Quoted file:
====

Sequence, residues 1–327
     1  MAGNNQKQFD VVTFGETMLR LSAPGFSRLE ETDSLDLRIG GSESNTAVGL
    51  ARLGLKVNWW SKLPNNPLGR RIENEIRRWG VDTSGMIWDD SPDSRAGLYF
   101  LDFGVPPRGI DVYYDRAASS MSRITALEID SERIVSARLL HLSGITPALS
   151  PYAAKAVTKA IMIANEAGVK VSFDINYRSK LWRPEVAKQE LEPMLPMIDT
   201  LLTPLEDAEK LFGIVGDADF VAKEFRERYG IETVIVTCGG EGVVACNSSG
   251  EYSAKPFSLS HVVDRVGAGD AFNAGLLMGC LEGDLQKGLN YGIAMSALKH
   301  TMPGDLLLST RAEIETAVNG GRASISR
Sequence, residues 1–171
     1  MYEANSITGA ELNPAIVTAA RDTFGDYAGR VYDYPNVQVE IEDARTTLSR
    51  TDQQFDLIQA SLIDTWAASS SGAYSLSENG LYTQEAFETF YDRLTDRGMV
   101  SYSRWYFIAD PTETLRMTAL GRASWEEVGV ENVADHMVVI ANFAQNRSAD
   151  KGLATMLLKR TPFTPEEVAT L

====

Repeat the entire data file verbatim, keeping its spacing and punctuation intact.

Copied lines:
Sequence, residues 1–327
     1  MAGNNQKQFD VVTFGETMLR LSAPGFSRLE ETDSLDLRIG GSESNTAVGL
    51  ARLGLKVNWW SKLPNNPLGR RIENEIRRWG VDTSGMIWDD SPDSRAGLYF
   101  LDFGVPPRGI DVYYDRAASS MSRITALEID SERIVSARLL HLSGITPALS
   151  PYAAKAVTKA IMIANEAGVK VSFDINYRSK LWRPEVAKQE LEPMLPMIDT
   201  LLTPLEDAEK LFGIVGDADF VAKEFRERYG IETVIVTCGG EGVVACNSSG
   251  EYSAKPFSLS HVVDRVGAGD AFNAGLLMGC LEGDLQKGLN YGIAMSALKH
   301  TMPGDLLLST RAEIETAVNG GRASISR
Sequence, residues 1–171
     1  MYEANSITGA ELNPAIVTAA RDTFGDYAGR VYDYPNVQVE IEDARTTLSR
    51  TDQQFDLIQA SLIDTWAASS SGAYSLSENG LYTQEAFETF YDRLTDRGMV
   101  SYSRWYFIAD PTETLRMTAL GRASWEEVGV ENVADHMVVI ANFAQNRSAD
   151  KGLATMLLKR TPFTPEEVAT L